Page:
NEWSPAPER Brides vs. Mail-Order Brides

NEWSPAPER Brides vs. Mail-Order Brides

The term “Mail-Order Bride” is a 20th century development, though current popular fiction suggests it was common as early as the Civil War.
Matrimonial advertisements were published in newspapers far more often than a “catalog” of sorts. In fact more than one Matrimonial-type newspaper started up in the late 19th Century. The Matrimonial News did quite well in London, Germany, and the United States.

History: The Gunsmith’s Bride

History: The Gunsmith’s Bride

The “Dear Reader” section at the back of the kindle edition (of each of my titles) contains clickable links to historical references, blog articles, definitions, and much more. Given paperback readers can read the basic content but cannot easily access these extras, I’ve begun creating pages for use by paperback readers, with easy access for them via QR codes.

This page contains the clickable link-rich content for The Gunsmith’s Bride.

February 23 – National Banana Bread Day

February 23 – National Banana Bread Day

Today, February 23, is National Banana Bread Day. While banana bread (as we now know it) became a staple among home bakers in the 1930s, banana bread had its start in the late Victorian era where “banana flour” came to the United States from the tropics. Vintage newspaper advertisements show the beginnings of banana bread available in bakeries and homemakers’ awareness of quality nutrition to be found in the imported fruit and “flour.” With or without nuts, banana bread is a hallmark of American quick breads… and our nineteenth century ancestors, complete with baking powder and a wealth of cake-baking knowledge, were prepared for the post-Great Depression’s urge to “use it up.”

Victorian Homemakers Present Tapioca Pudding

Victorian Homemakers Present Tapioca Pudding

Victorian Americans favored many different kinds of puddings for desserts, during all seasons of the year. One type was tapioca–which hasn’t changed much in the intervening hundred-plus years. See many similar recipes in vintage era cook books and newspapers; plain, apple, peach, (and early in the 20th century, caramel).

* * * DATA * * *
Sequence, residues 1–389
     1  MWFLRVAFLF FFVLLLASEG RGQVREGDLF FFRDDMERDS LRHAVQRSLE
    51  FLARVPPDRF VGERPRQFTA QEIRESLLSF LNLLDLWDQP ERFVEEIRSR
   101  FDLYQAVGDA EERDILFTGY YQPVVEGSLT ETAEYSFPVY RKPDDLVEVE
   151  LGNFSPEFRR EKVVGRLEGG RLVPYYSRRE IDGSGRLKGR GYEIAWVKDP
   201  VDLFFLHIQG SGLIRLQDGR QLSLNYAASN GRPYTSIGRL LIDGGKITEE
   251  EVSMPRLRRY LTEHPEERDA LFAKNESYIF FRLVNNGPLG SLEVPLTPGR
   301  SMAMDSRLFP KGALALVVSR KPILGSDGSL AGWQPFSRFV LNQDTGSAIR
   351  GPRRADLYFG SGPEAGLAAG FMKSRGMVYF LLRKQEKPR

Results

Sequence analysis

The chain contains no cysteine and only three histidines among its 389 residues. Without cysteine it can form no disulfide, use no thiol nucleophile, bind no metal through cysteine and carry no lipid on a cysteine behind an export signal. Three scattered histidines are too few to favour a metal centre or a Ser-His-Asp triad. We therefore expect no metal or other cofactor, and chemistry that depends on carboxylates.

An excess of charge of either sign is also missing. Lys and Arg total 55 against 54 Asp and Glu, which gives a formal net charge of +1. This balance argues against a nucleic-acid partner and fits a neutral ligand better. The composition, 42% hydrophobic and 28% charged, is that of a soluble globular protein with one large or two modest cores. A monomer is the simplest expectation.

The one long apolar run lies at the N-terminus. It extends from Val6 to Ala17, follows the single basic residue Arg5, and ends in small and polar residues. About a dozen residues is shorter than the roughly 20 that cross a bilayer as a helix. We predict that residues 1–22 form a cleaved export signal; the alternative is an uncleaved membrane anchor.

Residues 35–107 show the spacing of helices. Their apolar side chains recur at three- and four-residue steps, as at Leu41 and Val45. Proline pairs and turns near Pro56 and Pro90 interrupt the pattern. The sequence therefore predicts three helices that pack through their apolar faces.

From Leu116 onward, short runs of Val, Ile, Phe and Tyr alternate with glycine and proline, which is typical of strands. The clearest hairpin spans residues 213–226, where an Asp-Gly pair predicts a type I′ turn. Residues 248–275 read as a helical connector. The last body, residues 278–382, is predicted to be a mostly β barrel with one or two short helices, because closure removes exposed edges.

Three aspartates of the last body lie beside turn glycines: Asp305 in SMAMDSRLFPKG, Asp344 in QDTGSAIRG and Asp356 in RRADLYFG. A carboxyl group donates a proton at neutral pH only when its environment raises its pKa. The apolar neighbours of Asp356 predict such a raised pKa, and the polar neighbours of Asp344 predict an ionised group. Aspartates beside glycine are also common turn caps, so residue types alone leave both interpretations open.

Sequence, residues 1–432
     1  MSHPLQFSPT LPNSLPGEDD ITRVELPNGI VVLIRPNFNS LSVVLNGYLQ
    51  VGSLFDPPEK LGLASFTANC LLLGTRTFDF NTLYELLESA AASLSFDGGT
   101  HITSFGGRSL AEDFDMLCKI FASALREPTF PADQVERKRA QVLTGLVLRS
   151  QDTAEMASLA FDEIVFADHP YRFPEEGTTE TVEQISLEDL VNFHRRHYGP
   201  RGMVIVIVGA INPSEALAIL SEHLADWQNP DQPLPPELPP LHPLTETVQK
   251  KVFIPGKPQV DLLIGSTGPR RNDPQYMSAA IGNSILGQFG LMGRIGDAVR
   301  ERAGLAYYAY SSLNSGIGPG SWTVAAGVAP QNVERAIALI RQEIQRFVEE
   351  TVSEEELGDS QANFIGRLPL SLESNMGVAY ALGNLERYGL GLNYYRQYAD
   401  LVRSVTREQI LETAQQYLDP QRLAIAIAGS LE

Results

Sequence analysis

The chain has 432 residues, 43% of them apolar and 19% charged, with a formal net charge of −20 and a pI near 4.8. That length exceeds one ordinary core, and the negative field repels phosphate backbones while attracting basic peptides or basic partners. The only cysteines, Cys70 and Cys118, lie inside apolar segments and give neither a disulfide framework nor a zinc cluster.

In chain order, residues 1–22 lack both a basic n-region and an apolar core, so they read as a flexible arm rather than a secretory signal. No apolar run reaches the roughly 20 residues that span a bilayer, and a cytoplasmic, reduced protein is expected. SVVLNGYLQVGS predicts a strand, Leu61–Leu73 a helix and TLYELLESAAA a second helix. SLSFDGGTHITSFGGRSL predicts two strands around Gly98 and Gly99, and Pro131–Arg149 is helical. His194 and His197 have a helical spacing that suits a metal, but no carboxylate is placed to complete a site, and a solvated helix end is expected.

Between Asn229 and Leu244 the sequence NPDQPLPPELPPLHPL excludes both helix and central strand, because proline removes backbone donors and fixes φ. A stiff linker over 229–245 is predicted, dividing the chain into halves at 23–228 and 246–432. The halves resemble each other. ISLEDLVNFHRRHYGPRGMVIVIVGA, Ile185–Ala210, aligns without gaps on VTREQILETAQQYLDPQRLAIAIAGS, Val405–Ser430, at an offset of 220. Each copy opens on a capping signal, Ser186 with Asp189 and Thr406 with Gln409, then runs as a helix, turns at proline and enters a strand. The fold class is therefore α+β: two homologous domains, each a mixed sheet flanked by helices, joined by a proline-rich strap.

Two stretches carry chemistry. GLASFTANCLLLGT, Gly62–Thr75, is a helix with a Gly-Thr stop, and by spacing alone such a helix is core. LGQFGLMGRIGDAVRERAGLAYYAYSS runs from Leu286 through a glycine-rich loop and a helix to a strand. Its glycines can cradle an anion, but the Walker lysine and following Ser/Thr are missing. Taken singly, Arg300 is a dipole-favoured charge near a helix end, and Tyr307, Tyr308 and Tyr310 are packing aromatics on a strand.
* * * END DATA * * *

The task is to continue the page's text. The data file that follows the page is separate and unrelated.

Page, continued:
Victorian Coffee

Victorian Coffee

We know coffee was an every-day commodity in the Victorian American West, but how much do you know about its availability, preparation methods, the era’s tried-and-true substitutions, and where it was purchased? Come see!

A Victorian-American Thanksgiving Day, 1897

A Victorian-American Thanksgiving Day, 1897

A newspaper article published on November 25, 1897 (El Dorado, KS, syndicated from NY Tribune) sheds historical light on what Thanksgiving Day was to the late Victorians in the United States. Includes: origins, thanksgiving souvenirs, thanksgiving entertainments, and thanksgiving decorations… a glimpse into Thanksgiving in 1897.

The (Victorian) Moral of the Story…

The (Victorian) Moral of the Story…

At the outset of Unmistakably Yours, Hank Murphy, proprietor of a fine new grocery emporium, is desperate to ensure adequate supplies to see his community through winter have arrived safely in Mountain Home. Much like Aesop’s fables about ants and grasshoppers, the American-Victorian era is ripe with moral-rich stories urging hard work during the summer to secure safety and comfort in the winter. This vintage newspaper article from 1880 showcases an example of the era’s “stories with a moral”.

How to Carve a Thanksgiving Turkey, 1889

How to Carve a Thanksgiving Turkey, 1889

This newspaper article, published in Vermont Journal of Windsor, Vermont, on November 30, 1889, instructs our Victorian ancestors (in the United States) how to properly carve a turkey. Picture the Thanksgiving table laden with fancy dishes, and the head of the household carving the bird from his place of honor at the head of the table.

History: Witching Eve

History: Witching Eve

Note: The purpose of this page is to provide clickable access to the historical information behind the short story, The Witching Eve. This content is found in the back of the kindle edition (with links) and in the back of the new paperback edition (without links). This page will allow paperback readers to access the content behind the explanation of the true-to-life Victorian American setting.